A : Groove Candy is a 90s dance party I started with DJ M2 in Phoenix, AZ back in 2006. We wanted to go to a party that played the kind of music we loved, but it didn’t exist, so we started one ourselves.

It ran for a number of years as a weekly, and M2 still does one-offs here and there. Now, I’m bringing the party to NYC monthly as an after-work event. It’s a blast and everyone is home by midnight.

Q : Hustle and Grow has been an avenue for you to connect with the people and provide tips for various aspects of life. What was your reason for starting the series in the first place?

A : Yvette Davila (formerly of Def Jam, and now of CPXi) approached me about crafting a daily video advice column. The concept is a work in progress, and we are continually fleshing out ways to enhance the content and provide the viewer with something smart and funny to check in with every weekday on hiphopmyway.com. I’m having a ton of fun with it.

Q: What is the creative process like for you in coming up with topics and scripts for your webisodes and designing your bow ties?

A: I like to talk things through verbally, as well as write them down. Talking about my ideas orally helps me on the creative side, but writing them down is what holds me accountable to get them done.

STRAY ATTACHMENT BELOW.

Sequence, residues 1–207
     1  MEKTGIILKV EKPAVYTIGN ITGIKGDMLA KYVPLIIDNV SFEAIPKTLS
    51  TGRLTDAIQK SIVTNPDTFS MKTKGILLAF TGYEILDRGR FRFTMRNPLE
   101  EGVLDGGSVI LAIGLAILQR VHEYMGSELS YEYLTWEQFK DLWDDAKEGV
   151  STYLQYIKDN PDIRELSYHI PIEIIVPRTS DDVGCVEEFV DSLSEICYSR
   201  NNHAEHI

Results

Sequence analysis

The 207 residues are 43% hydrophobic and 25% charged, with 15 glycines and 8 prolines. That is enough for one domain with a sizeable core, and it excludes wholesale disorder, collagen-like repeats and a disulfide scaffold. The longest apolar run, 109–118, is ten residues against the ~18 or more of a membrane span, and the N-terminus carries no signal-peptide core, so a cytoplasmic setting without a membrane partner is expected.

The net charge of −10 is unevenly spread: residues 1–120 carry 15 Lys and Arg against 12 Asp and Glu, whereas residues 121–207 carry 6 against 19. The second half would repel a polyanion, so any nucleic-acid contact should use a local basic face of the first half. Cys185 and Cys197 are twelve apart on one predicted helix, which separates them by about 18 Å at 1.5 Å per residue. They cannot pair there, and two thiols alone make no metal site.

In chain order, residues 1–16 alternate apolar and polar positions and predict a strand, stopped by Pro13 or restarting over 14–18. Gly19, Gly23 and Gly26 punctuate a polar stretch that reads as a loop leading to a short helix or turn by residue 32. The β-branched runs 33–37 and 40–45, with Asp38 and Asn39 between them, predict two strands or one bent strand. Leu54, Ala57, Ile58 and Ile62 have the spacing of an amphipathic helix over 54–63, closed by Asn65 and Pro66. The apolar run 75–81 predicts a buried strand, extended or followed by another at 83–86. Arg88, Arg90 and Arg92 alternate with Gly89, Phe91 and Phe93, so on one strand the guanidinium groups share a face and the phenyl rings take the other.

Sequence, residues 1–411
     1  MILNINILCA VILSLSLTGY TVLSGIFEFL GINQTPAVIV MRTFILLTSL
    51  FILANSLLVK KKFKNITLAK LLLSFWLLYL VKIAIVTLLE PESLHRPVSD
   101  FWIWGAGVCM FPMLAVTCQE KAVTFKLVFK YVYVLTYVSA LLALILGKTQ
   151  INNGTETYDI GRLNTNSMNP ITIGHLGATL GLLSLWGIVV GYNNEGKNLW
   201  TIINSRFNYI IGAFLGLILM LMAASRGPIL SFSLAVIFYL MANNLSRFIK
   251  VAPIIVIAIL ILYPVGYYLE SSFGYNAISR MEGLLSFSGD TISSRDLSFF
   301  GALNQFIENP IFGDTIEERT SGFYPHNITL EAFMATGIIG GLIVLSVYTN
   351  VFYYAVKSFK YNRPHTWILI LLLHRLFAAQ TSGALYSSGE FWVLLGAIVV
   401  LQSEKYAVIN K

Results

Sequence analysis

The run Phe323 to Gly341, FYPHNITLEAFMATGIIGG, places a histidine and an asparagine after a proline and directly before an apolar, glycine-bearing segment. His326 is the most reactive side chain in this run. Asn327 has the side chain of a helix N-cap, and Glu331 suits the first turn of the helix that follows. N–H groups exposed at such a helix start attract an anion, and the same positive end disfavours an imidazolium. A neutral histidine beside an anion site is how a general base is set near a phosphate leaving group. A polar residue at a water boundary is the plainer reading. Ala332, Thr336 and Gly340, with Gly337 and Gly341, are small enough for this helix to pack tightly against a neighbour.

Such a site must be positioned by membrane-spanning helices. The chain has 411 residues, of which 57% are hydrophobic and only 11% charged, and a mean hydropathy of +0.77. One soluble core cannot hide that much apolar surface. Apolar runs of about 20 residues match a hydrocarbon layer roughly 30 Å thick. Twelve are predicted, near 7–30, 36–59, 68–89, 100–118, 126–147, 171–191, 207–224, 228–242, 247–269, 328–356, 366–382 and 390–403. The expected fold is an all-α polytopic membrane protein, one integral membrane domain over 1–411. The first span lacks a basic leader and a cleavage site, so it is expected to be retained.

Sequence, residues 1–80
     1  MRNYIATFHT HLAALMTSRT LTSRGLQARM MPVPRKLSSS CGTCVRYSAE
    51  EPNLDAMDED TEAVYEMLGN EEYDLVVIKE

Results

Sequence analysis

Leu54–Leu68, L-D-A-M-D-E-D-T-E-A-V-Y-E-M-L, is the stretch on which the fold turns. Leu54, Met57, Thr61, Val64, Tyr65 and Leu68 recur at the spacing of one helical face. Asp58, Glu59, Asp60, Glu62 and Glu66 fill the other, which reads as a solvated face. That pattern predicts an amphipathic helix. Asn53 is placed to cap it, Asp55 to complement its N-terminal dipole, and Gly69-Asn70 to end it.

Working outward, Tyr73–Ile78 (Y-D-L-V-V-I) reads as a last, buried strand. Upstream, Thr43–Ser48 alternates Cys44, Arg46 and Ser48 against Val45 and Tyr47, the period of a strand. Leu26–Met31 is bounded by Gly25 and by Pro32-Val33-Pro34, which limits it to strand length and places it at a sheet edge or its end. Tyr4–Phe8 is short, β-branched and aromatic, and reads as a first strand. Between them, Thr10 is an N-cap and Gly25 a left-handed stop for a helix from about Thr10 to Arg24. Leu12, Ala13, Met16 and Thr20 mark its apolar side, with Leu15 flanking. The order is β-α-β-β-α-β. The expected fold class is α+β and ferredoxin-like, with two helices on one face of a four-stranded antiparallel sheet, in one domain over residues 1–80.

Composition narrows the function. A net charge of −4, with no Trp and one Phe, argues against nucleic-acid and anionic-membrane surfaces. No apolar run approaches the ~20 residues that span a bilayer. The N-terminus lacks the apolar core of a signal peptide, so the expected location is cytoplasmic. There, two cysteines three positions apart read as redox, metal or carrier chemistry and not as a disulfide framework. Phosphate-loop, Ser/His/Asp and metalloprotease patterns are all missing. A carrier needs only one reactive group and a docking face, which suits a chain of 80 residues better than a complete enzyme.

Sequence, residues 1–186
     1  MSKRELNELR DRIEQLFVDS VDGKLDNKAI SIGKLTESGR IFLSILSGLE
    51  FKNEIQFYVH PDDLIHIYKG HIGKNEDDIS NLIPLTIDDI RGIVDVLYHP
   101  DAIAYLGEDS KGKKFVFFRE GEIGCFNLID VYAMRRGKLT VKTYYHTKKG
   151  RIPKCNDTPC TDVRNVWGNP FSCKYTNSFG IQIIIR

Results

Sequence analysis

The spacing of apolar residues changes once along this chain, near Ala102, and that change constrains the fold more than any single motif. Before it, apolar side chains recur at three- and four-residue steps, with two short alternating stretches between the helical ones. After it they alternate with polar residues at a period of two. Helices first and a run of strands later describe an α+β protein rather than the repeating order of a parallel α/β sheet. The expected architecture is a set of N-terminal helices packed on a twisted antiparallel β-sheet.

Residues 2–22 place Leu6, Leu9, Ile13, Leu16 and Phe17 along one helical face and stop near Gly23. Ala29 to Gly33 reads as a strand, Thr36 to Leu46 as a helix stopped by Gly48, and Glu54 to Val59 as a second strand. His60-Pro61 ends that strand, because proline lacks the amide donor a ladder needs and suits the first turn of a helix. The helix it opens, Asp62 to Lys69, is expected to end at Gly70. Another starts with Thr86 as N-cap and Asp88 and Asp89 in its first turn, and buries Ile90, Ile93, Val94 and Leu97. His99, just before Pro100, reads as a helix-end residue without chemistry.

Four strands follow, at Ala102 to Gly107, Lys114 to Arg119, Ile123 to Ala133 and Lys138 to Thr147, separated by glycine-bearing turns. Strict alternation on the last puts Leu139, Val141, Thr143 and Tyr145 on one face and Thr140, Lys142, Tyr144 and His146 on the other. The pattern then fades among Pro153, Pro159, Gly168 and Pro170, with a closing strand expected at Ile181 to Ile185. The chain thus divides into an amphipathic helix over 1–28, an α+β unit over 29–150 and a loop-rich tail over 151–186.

I keep a “doing list”, which I talk about in my “How to Quit Your Job” YouTube series. There has to be a balance of creativity and accountability, and working for myself means I have to find a way to possess both qualities equally.

Q : You wear so many hats you must be running a million miles a minute every day. Describe a day in the life of Karlie Hustle.

A : I try to work smarter, not harder. I’ve really had to give myself the permission to take breaks and do leisurely things without feeling guilty about it.

The work will always be there, that’s one thing I do know. I love to attack emails first thing in the morning and organize my day from there.

A lot of really successful people have a routine they follow daily for the first hour of the day, so I’m working on finding one that works for me. I also make going to the gym a priority.

Q : Recently, you’ve signed on for a new position with 9th Wonder’s Jamla Records as the Director of Brand Relations. How did the opportunity come about? What does this role mean for you and your career?

A : 9th called me at the top of the year and, to be honest, I wasn’t totally surprised. What I’ve always stood for in my career is very much aligned with Jamla’s vision.

I’ve had a relationship with 9th and Rapsody for some years now. As an early supporter of Rap, we all became fast allies and stayed in touch regularly.

When I left Hot 97, 9th saw an opportunity to take my relationship with Jamla in a more formal direction. Essentially, we’ll be pooling our resources and relationships to increase visibility for the label and the talent on it. I’m humbled to be working with such amazing artists and human beings.

Q : When it’s all said and done what is the legacy you are working to leave behind?

A : I want to be known as someone who does amazing, culturally relevant work.